Identification of genetic susceptibility to childhood cancer through analysis of genes in parallel.

TitleIdentification of genetic susceptibility to childhood cancer through analysis of genes in parallel.
Publication TypeJournal Article
Year of Publication2011
AuthorsPlon, SE, Wheeler, DA, Strong, LC, Tomlinson, GE, Pirics, M, Meng, Q, Cheung, HC, Begin, PR, Muzny, DM, Lewis, L, Biegel, JA, Gibbs, RA
JournalCancer Genet
Volume204
Issue1
Pagination19-25
Date Published2011 Jan
ISSN2210-7762
KeywordsAdolescent, Adult, Algorithms, Child, DNA Mutational Analysis, DNA Repair, Gene Dosage, Genes, Dominant, Genes, Recessive, Genes, Tumor Suppressor, Genetic Predisposition to Disease, Humans, Immunoprecipitation, Models, Genetic, Mutation, Neoplasms, Oncogenes, Reverse Transcriptase Polymerase Chain Reaction, Rhabdoid Tumor
Abstract

Clinical cancer genetic susceptibility analysis typically proceeds sequentially, beginning with the most likely causative gene. The process is time consuming and the yield is low, particularly for families with unusual patterns of cancer. We determined the results of in parallel mutation analysis of a large cancer-associated gene panel. We performed deletion analysis and sequenced the coding regions of 45 genes (8 oncogenes and 37 tumor suppressor or DNA repair genes) in 48 childhood cancer patients who also (i) were diagnosed with a second malignancy under age 30, (ii) have a sibling diagnosed with cancer under age 30, and/or (iii) have a major congenital anomaly or developmental delay. Deleterious mutations were identified in 6 of 48 (13%) families, 4 of which met the sibling criteria. Mutations were identified in genes previously implicated in both dominant and recessive childhood syndromes, including SMARCB1, PMS2, and TP53. No pathogenic deletions were identified. This approach has provided efficient identification of childhood cancer susceptibility mutations and will have greater utility as additional cancer susceptibility genes are identified. Integrating parallel analysis of large gene panels into clinical testing will speed results and increase diagnostic yield. The failure to detect mutations in 87% of families highlights that a number of childhood cancer susceptibility genes remain to be discovered.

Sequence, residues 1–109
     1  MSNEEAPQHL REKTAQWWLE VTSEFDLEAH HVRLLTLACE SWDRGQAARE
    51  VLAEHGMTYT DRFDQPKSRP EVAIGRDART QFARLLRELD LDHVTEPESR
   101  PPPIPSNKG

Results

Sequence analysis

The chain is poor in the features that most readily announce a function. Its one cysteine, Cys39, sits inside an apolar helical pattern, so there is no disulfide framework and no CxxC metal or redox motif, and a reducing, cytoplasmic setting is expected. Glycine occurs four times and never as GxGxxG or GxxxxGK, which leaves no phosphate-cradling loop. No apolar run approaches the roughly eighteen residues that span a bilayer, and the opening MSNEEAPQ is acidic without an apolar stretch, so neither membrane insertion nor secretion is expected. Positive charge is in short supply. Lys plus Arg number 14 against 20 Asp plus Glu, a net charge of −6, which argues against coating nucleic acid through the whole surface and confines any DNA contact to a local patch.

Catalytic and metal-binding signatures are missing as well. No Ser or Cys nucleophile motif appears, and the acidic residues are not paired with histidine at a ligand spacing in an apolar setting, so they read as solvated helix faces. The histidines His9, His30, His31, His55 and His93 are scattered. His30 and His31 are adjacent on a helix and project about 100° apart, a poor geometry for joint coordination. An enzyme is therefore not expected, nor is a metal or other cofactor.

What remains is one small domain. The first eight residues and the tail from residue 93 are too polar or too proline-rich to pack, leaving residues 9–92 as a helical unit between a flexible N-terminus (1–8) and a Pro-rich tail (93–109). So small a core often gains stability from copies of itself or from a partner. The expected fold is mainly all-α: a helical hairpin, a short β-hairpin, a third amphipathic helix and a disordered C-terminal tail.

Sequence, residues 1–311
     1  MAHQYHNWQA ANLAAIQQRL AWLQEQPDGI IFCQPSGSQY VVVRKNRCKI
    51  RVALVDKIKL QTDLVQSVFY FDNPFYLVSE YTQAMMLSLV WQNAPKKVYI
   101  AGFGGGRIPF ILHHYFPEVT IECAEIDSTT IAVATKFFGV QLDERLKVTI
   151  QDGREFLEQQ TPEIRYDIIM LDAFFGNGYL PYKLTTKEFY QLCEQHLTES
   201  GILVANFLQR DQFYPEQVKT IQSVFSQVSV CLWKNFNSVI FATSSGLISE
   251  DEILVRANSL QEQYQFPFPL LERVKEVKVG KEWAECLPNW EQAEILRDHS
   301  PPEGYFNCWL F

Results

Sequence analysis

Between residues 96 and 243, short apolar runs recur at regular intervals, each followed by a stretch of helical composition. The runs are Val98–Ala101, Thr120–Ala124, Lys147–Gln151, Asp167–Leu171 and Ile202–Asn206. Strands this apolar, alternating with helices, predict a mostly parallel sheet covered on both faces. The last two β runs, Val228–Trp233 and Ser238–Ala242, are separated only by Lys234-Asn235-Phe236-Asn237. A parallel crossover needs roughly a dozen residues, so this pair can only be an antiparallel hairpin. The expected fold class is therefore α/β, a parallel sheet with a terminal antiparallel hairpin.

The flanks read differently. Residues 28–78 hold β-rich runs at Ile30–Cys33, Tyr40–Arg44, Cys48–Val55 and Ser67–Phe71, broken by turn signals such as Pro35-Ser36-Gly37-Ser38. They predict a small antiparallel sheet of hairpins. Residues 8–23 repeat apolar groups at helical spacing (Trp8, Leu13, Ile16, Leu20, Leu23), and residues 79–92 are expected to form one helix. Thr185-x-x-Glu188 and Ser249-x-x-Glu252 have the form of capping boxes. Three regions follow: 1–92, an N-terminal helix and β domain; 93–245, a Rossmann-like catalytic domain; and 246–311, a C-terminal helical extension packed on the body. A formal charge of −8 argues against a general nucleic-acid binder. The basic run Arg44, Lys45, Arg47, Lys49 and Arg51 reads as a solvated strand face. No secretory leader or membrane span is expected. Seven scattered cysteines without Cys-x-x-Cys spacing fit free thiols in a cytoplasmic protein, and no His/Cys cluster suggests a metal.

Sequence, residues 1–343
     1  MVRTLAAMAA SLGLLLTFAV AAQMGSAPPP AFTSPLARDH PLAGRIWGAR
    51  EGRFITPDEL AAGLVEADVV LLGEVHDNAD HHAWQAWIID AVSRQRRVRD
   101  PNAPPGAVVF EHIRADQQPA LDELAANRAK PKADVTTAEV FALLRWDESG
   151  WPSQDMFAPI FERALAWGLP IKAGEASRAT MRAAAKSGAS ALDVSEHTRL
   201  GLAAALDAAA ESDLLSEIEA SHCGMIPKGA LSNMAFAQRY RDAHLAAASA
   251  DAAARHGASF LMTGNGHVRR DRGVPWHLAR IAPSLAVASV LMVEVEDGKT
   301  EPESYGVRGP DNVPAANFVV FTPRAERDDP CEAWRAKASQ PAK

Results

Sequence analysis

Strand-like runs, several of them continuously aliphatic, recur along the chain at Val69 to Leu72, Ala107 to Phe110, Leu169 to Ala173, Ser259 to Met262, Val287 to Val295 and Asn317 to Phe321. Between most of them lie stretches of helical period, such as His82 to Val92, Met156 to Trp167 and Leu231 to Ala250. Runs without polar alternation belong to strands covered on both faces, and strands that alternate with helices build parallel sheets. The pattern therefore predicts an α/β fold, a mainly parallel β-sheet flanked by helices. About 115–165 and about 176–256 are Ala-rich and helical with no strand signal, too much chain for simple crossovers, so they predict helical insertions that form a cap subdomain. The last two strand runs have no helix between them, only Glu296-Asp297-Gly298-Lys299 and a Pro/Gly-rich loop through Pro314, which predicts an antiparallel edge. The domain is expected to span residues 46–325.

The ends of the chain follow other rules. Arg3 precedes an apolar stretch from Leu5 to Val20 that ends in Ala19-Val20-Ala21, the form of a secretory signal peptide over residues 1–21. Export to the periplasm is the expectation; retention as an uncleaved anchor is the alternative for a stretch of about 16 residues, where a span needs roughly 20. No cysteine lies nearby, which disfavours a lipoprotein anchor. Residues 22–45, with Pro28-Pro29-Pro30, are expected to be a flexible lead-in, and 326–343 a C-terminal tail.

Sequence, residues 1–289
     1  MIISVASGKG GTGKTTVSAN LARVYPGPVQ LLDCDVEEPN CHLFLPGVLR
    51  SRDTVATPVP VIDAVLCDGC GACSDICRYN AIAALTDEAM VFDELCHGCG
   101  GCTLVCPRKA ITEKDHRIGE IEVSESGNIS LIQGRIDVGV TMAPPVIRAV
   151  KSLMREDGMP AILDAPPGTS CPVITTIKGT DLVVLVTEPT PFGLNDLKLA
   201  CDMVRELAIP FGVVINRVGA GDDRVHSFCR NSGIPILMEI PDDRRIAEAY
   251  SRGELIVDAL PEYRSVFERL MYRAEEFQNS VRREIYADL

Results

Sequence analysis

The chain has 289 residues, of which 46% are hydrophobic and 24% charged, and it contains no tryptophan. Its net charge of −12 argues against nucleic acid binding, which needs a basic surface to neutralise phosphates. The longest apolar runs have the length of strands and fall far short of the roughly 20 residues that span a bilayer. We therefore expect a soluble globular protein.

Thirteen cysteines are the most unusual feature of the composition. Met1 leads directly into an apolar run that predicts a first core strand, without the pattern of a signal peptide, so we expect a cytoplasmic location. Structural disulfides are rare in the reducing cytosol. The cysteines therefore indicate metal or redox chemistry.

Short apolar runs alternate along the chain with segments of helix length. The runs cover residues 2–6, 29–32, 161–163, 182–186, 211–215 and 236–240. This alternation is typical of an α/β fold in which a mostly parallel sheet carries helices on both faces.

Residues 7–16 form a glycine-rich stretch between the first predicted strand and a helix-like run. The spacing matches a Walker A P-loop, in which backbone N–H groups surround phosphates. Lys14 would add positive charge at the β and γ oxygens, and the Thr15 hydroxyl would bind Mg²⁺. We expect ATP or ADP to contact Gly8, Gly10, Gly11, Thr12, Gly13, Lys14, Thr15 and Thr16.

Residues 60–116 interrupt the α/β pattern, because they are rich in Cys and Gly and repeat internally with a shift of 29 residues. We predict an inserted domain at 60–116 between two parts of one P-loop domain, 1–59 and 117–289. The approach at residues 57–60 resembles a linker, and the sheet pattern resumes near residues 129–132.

DOI10.1016/j.cancergencyto.2010.11.001
Alternate JournalCancer Genet
PubMed ID21356188
PubMed Central IDPMC3075924
Grant ListU54HG003273 / HG / NHGRI NIH HHS / United States
R01 CA046274 / CA / NCI NIH HHS / United States
R01CA138836 / CA / NCI NIH HHS / United States
U54 HG003273 / HG / NHGRI NIH HHS / United States
CA46274 / CA / NCI NIH HHS / United States
R01 CA138836 / CA / NCI NIH HHS / United States
R01 CA138836-01A2 / CA / NCI NIH HHS / United States
P01CA34936 / CA / NCI NIH HHS / United States
P01 CA034936 / CA / NCI NIH HHS / United States